Who is this artist:
This artist was born in Kewanee, Illinois, and began painting in high school. Initially, planning to study architecture with Mies van der Rohe at the Illinois Institute of Technology, the artist instead earned a BFA in 1956 from the School of Art at the Art Institute of Chicago. Working as an illustrator in New York City, they experimented with photography before turning their full attention to painting in 1966, working from photographs and sketches to create “photo-realist” This artist was born in Newport News, Virginia in 1928. They spent their childhood in Virginia and later studied at the College of William & Mary. It was in Williamsburg that this artist met a Maine artist, Thomas Elston Thorne, who encouraged them to paint. This painter also met a modernist architect, Ward Bennett, who had studied with Hans Hoffman. He encouraged this artist to move to NYC which they did in 1956 and enrolled in Hoffman’s art school. This painter was inspired by Hoffman’s theory of ‘push-pull’, a dynamic color relationship which would become the dominant force in their art. Additionally, Hoffman imparted understanding painting in terms of color, space and form. This painter then studied with Robert Motherwell at Hunter College in NYC where he taught a ‘process oriented’ approach to art. By 1959, this painter established their distinctive brushwork which was executed in swatch like strokes in dense clusters which allowed color, not geometry to soar. This painter was part of a dynamic art scene in Greenwich village and had their first solo show in 1961at Tanager Gallery. This artist met their partner at a Halloween party this same year. This person was also an artist and was represented by Martha Jackson, who first introduced the couple to Monhegan Island. They spent summers there until 1983 when the couple decided to move fulltime to the island which would become so influential to this painter. This painter would have been 94 on May 21.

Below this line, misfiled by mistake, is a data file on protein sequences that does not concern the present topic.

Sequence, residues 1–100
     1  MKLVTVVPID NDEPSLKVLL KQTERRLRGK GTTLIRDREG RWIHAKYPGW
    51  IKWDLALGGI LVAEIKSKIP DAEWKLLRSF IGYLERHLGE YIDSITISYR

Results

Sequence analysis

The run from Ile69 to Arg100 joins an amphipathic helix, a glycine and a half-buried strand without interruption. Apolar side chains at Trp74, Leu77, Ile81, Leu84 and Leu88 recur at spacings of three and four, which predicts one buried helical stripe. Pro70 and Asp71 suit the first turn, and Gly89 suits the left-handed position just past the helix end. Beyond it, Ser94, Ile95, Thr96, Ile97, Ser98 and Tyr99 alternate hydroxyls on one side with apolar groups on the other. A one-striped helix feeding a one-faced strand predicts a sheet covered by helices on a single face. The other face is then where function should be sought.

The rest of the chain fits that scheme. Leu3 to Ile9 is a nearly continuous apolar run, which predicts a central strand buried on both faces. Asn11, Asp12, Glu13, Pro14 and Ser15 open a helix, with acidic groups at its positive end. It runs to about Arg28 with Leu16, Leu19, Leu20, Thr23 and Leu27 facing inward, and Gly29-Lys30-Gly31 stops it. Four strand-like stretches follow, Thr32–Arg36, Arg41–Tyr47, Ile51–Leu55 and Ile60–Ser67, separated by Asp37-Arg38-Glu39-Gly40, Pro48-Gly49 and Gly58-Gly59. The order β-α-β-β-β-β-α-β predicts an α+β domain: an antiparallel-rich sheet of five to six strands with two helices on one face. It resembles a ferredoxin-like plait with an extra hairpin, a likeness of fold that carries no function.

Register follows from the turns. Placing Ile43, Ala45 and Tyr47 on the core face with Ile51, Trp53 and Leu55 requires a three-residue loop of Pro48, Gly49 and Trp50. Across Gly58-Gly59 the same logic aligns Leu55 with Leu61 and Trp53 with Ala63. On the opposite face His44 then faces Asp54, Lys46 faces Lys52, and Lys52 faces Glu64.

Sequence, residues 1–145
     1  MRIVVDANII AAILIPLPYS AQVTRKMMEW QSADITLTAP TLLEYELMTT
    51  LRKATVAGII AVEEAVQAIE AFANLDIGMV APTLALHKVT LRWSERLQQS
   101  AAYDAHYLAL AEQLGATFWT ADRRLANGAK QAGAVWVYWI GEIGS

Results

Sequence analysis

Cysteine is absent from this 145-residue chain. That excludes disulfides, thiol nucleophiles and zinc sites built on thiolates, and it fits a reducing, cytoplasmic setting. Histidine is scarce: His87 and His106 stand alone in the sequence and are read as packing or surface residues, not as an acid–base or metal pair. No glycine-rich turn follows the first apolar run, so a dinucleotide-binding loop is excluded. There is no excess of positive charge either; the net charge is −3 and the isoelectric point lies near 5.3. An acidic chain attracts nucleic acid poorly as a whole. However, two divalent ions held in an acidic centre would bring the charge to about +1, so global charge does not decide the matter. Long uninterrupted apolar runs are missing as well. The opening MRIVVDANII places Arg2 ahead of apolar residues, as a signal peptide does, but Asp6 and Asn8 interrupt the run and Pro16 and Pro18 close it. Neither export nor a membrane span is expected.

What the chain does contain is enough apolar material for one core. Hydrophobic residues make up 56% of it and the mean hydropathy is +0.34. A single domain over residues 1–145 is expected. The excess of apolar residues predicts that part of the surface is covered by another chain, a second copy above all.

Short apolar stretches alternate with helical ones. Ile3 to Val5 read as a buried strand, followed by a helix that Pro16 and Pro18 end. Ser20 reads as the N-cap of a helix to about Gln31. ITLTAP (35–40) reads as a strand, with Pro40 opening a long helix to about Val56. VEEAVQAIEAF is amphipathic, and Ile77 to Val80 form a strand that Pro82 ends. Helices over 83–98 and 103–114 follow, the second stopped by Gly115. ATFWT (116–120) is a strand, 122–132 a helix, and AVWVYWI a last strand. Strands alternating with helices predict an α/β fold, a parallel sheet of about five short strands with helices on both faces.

The Artist is Lynne Mapp Drexler
Lynne Mapp Drexler studied with Hans Hoffman and Robert Motherwell in New York City in the late 1950s. She was part of the second generation of Abstract Expressionists including Grace Hartigan, Joan Mitchell, and Larry Rivers. Drexler turned to the outside world rather than to her inner self for inspiration. In doing so, she incorporated aspects of Impressionism and Post Impressionism into her vivid and innovative paintings. An Artnews reviewer wrote ‘Drexler shows medium and outsized pastoral, florid, bleeding edge canvasses that are built up with swatches of tones that seem like so many technicolor galaxies’.« Previous Post | Behind the Scenes: Ashley BryanMeet the Team: Joseph Coté | Next Post »